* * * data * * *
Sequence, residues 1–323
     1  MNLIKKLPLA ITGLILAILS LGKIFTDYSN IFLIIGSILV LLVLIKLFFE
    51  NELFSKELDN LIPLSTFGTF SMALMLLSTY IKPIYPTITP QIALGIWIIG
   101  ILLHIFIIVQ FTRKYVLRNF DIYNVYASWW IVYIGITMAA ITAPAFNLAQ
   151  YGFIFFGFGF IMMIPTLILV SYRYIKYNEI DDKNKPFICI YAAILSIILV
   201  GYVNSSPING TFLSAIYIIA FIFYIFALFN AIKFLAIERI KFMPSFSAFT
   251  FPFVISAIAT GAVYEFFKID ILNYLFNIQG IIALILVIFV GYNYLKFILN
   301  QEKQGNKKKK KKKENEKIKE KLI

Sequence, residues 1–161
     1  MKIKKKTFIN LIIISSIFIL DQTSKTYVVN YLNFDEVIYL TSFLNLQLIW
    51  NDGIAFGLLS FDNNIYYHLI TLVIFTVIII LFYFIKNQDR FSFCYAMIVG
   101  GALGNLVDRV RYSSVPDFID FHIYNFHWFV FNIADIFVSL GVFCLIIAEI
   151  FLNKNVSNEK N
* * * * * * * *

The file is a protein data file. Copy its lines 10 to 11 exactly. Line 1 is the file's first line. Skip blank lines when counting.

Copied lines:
     1  MKIKKKTFIN LIIISSIFIL DQTSKTYVVN YLNFDEVIYL TSFLNLQLIW
    51  NDGIAFGLLS FDNNIYYHLI TLVIFTVIII LFYFIKNQDR FSFCYAMIVG